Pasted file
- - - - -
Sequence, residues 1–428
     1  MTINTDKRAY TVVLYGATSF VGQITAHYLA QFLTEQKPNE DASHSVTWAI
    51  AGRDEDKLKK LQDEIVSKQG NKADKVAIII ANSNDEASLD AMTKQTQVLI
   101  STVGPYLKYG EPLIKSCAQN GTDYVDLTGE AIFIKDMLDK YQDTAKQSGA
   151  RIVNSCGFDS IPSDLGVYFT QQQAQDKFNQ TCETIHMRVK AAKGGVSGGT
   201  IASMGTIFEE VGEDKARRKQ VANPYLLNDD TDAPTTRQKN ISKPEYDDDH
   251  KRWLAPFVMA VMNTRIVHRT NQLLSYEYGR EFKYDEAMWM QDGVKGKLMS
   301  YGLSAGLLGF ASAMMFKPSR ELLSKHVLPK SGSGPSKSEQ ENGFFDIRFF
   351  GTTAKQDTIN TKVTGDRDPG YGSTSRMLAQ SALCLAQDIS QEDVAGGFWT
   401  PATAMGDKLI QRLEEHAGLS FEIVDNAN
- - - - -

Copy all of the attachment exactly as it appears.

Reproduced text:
Sequence, residues 1–428
     1  MTINTDKRAY TVVLYGATSF VGQITAHYLA QFLTEQKPNE DASHSVTWAI
    51  AGRDEDKLKK LQDEIVSKQG NKADKVAIII ANSNDEASLD AMTKQTQVLI
   101  STVGPYLKYG EPLIKSCAQN GTDYVDLTGE AIFIKDMLDK YQDTAKQSGA
   151  RIVNSCGFDS IPSDLGVYFT QQQAQDKFNQ TCETIHMRVK AAKGGVSGGT
   201  IASMGTIFEE VGEDKARRKQ VANPYLLNDD TDAPTTRQKN ISKPEYDDDH
   251  KRWLAPFVMA VMNTRIVHRT NQLLSYEYGR EFKYDEAMWM QDGVKGKLMS
   301  YGLSAGLLGF ASAMMFKPSR ELLSKHVLPK SGSGPSKSEQ ENGFFDIRFF
   351  GTTAKQDTIN TKVTGDRDPG YGSTSRMLAQ SALCLAQDIS QEDVAGGFWT
   401  PATAMGDKLI QRLEEHAGLS FEIVDNAN